Photo/IllutrationPrime Minister Shinzo Abe delivers an address at the banquet at the Osaka Geihinkan guest house for leaders who gathered for the Group of 20 summit in Osaka on June 28. (Pool)

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Although Prime Minister Shinzo Abe may not be a fan of elevators in castles, his apparent disregard for the importance of a barrier-free society has drawn ire and raised concerns as Japan prepares to host the Olympics and Paralympics.

Abe described the installation of elevators in the Osaka Castle as a “big mistake” when he addressed a banquet for the leaders attending the Group of 20 summit in Osaka on June 28.

Referring to the history of Osaka Castle, which is near the banquet venue, Abe said after most of it burned down in the confusion of the Meiji Restoration, which restored imperial rule, in the late 19th century, its current tower, a faithful replica of the one built in the 16th century, was reconstructed about 90 years ago.

Abe continued, in a joking tone: “But a big mistake was made at that time. Even elevators were installed.”

Although what he really meant is unclear, a flurry of comments criticizing Abe popped up on social networking sites.

“I was extremely saddened” by the comment, said writer and TV personality Hirotada Ototake, who was born without limbs, in his post.

Satetsu Takeda, a writer, expressed anger in his posting: “Seriously, this person (Abe) may not understand the notion of achieving barrier-free access and an inclusive society.”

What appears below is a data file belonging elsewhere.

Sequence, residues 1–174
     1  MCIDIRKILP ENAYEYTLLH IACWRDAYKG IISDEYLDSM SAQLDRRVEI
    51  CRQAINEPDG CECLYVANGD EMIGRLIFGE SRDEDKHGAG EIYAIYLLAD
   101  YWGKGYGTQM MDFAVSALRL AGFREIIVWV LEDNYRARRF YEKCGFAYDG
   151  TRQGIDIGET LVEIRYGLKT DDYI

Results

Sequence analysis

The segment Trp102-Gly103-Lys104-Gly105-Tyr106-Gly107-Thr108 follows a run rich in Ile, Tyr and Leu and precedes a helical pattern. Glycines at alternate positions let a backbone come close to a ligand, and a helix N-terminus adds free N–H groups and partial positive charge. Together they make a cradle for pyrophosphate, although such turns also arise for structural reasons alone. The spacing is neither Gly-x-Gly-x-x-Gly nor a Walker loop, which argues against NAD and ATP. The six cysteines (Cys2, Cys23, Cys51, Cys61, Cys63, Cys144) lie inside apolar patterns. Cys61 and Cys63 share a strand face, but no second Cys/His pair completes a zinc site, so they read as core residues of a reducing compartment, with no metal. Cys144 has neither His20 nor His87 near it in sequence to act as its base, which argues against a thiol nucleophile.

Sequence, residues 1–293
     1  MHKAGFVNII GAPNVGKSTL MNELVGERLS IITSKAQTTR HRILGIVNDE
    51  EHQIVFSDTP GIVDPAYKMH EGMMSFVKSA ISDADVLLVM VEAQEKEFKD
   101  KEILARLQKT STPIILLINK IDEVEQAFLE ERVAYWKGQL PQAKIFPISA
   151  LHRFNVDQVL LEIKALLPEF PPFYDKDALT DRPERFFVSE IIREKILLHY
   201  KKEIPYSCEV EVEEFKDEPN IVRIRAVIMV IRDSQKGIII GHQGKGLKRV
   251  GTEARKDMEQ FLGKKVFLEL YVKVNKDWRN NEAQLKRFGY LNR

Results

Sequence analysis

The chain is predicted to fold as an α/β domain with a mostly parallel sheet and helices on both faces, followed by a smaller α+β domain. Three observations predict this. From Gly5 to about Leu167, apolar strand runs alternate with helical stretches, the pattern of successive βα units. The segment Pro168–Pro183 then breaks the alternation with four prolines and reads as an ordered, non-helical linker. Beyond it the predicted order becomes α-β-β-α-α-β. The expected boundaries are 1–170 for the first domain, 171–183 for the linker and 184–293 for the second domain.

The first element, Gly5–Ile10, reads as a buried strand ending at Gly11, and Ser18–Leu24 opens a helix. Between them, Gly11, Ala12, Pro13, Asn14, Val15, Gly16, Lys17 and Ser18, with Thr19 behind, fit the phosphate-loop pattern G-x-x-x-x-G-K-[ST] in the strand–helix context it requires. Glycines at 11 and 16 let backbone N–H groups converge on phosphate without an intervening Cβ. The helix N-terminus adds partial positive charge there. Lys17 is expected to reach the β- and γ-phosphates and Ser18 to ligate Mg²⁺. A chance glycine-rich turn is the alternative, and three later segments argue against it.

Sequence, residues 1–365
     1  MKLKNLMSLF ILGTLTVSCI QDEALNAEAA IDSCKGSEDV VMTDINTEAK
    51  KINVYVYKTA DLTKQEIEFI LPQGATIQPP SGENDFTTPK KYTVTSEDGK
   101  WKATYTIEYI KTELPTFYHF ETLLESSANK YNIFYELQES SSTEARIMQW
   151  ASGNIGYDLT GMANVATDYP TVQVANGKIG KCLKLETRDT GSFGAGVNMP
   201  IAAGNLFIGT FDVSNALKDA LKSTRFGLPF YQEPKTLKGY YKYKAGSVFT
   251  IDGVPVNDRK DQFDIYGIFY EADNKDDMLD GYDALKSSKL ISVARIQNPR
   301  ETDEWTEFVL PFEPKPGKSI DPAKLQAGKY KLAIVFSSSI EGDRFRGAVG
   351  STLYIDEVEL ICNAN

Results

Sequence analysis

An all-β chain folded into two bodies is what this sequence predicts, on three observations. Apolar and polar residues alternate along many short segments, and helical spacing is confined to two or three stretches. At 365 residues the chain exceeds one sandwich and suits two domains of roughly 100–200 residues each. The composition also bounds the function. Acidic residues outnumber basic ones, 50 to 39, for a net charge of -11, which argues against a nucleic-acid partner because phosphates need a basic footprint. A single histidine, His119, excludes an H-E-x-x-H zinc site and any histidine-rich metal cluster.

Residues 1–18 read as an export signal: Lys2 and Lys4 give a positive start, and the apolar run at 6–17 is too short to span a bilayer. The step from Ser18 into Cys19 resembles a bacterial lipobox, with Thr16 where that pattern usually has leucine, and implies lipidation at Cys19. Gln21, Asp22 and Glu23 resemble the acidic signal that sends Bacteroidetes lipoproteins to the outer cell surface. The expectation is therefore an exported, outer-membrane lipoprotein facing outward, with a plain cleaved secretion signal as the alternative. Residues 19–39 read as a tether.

One poster questioned: “Did he really think an audience would find his (elevator) comment very funny?”

The tower is equipped with two elevators, which were both put in place in 1931 when the structure was restored, according to Hiroshi Kitagawa, director of the Osaka Castle Museum.

One of the elevators was extended to reach the tower’s eighth floor, the top floor, to allow access by people with disabilities, during the major renovation completed in 1997.

Kitagawa said visitors to the castle include people in a wheelchair, such as students at a special-needs school, and that they appreciate the elevator availability.

“I don’t know the purpose of Abe’s comment, but we are proud of the elevators, and they are loved by people visiting from all over the world,” he said.

Yoshihiro Senda, a castle archaeology professor at Nara University, was also angered by the prime minister’s remark, calling it “so outrageous.”

He noted that a global trend is to achieve barrier-free access for the disabled as much as possible even at World Heritage sites.

“I cannot believe the prime minister made such a comment ignoring the global trend,” he said. “It is extremely regrettable that the comment came at a time Tokyo will host the 2020 Olympics and Paralympics.”